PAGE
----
France’s Constitutional Council recently upheld the constitutionality of a law banning the wearing of veils in public places. The text of the decision is available in French here. Despite the importance of the issue and the large potential infringement on religious freedom, the opinion is very short and conclusory. For those of our readers who understand French, here is the key passage:
[L]e législateur a estimé que de telles pratiques peuvent constituer un danger pour la sécurité publique et méconnaissent les exigences minimales de la vie en société ; qu’il a également estimé que les femmes dissimulant leur visage, volontairement ou non, se trouvent placées dans une situation d’exclusion et d’infériorité manifestement incompatible avec les principes constitutionnels de liberté et d’égalité.
Roughly translated, this means that veils can be banned because the legislature has determined that they pose a “danger to public safety” and because wearing a veil, even “voluntarily,” puts women in a “condition of exclusion and inferiority manifestly incompatible with the constitutional principles of liberty and equality.”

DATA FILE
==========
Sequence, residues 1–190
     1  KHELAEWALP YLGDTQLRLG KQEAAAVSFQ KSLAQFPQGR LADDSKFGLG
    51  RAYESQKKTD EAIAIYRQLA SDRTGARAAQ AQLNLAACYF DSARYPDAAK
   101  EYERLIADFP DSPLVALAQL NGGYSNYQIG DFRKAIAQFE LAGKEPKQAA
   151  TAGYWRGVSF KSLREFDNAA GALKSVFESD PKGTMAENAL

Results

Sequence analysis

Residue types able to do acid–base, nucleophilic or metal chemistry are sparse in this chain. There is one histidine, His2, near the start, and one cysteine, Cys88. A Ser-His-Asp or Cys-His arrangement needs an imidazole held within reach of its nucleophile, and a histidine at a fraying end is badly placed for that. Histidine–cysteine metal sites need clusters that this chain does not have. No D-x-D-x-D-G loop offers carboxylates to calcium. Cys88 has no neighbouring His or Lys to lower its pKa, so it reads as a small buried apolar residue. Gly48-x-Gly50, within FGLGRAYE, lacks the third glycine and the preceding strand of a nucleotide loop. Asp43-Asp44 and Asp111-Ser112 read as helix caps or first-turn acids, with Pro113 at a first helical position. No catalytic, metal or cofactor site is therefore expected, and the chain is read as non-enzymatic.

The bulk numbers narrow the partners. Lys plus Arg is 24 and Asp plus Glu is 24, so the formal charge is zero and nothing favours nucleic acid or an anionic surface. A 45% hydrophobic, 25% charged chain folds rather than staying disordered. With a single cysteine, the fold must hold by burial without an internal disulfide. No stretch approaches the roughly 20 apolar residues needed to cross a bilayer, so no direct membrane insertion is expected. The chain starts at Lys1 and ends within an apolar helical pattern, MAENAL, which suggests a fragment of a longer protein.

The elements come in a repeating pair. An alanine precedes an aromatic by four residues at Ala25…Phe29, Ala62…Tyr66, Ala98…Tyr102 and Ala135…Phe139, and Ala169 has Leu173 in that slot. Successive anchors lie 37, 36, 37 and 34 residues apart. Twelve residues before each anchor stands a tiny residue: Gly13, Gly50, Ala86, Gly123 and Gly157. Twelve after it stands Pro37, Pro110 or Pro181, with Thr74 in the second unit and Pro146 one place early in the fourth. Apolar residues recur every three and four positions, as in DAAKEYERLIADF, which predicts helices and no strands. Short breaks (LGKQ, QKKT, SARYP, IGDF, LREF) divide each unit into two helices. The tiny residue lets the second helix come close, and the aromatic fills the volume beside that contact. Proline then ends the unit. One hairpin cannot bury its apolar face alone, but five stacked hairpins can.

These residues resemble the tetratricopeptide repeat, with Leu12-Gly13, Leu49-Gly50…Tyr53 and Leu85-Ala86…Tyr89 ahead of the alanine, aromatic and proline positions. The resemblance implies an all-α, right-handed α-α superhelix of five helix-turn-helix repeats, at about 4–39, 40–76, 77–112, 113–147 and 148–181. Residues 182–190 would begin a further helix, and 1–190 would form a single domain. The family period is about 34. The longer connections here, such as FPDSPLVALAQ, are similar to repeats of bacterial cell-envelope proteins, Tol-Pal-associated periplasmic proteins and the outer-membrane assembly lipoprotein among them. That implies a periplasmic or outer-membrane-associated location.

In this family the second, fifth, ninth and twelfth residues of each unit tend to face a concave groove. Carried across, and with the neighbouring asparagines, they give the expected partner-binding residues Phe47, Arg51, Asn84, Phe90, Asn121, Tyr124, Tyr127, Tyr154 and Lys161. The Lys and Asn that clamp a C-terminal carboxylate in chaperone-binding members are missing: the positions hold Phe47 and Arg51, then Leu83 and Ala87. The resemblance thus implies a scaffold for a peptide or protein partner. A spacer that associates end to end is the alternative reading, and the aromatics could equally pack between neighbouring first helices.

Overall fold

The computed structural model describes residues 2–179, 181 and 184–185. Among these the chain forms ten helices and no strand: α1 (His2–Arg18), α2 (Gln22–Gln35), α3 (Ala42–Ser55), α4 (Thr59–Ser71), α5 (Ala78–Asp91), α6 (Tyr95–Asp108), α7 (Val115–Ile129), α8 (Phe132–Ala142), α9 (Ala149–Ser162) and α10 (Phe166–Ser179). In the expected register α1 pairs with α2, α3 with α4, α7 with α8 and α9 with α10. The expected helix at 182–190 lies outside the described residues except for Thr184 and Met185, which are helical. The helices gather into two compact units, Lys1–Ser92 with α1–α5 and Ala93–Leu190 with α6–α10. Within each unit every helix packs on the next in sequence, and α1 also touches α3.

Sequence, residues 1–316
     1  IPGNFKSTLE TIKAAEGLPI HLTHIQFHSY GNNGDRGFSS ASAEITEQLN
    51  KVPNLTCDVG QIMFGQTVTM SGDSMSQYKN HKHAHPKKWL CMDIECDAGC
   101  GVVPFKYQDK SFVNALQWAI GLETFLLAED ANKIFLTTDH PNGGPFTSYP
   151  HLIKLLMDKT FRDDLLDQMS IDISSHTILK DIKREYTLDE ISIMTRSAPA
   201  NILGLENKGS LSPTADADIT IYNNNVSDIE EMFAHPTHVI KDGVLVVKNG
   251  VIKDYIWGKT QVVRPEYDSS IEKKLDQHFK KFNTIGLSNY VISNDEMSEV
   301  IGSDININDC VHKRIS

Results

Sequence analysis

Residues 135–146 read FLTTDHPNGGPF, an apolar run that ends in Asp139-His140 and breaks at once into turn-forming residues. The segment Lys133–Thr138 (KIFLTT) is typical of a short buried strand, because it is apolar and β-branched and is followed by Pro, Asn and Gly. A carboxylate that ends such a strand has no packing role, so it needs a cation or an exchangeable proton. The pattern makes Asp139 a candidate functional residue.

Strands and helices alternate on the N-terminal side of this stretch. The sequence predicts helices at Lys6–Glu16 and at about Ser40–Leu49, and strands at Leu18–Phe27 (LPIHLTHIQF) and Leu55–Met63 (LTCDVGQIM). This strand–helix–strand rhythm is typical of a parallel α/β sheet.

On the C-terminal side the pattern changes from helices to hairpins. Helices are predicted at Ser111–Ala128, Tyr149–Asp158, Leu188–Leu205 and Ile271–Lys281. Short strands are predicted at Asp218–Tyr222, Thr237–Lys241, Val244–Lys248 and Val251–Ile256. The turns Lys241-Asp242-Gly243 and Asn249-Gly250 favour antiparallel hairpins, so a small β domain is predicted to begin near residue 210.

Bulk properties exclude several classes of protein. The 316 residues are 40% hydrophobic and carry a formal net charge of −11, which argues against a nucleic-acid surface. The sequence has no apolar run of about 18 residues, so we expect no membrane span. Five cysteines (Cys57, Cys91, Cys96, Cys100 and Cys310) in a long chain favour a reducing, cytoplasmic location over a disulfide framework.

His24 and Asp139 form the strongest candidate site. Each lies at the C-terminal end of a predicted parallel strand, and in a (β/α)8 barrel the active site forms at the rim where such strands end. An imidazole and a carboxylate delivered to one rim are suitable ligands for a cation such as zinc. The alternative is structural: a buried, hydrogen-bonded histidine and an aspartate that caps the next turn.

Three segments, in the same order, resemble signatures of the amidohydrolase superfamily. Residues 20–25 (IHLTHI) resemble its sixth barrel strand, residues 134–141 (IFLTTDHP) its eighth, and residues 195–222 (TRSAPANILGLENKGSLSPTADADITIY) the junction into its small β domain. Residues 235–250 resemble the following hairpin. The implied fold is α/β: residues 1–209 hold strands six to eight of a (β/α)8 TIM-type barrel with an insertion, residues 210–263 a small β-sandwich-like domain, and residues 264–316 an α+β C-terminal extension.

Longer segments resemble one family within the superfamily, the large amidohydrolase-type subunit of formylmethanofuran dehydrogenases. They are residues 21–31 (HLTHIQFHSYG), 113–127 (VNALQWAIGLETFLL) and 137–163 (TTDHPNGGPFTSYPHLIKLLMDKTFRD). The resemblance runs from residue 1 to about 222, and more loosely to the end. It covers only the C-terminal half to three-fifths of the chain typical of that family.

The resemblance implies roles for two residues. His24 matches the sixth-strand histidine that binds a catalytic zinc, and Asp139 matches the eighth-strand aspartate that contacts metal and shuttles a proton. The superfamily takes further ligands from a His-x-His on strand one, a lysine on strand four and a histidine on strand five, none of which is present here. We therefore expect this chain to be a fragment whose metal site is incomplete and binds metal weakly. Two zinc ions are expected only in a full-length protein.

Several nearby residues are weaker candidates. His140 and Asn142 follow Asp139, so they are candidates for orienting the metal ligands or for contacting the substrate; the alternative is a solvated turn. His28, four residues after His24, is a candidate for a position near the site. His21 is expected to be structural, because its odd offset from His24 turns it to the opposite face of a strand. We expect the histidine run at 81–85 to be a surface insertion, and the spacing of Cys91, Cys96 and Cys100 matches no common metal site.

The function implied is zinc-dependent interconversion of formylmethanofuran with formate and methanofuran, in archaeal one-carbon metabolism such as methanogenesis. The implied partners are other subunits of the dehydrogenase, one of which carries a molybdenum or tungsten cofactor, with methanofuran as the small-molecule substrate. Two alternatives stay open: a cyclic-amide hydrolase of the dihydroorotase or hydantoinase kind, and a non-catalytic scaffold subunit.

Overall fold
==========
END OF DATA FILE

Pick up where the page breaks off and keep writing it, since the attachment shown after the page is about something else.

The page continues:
Later in the opinion, the court concludes that, given the public interests served by the law, the punishment imposed on violators is not “manifestly disproportionate” and therefore it doesn’t violate the religious freedom guarantees in the 1789 Declaration of the Rights of Man.
I am no expert on French constitutional law, so I have little to say about the legal correctness of the ruling. I should also note that the institution of judicial review is much weaker in France than in the US or in some European nations such as Germany. Thus, the court’s highly deferential posture and cursory dismissal of the religious freedom issues involved may well be a correct ruling under French law.
I will say, however, that if the decision is not mistaken, it is [...]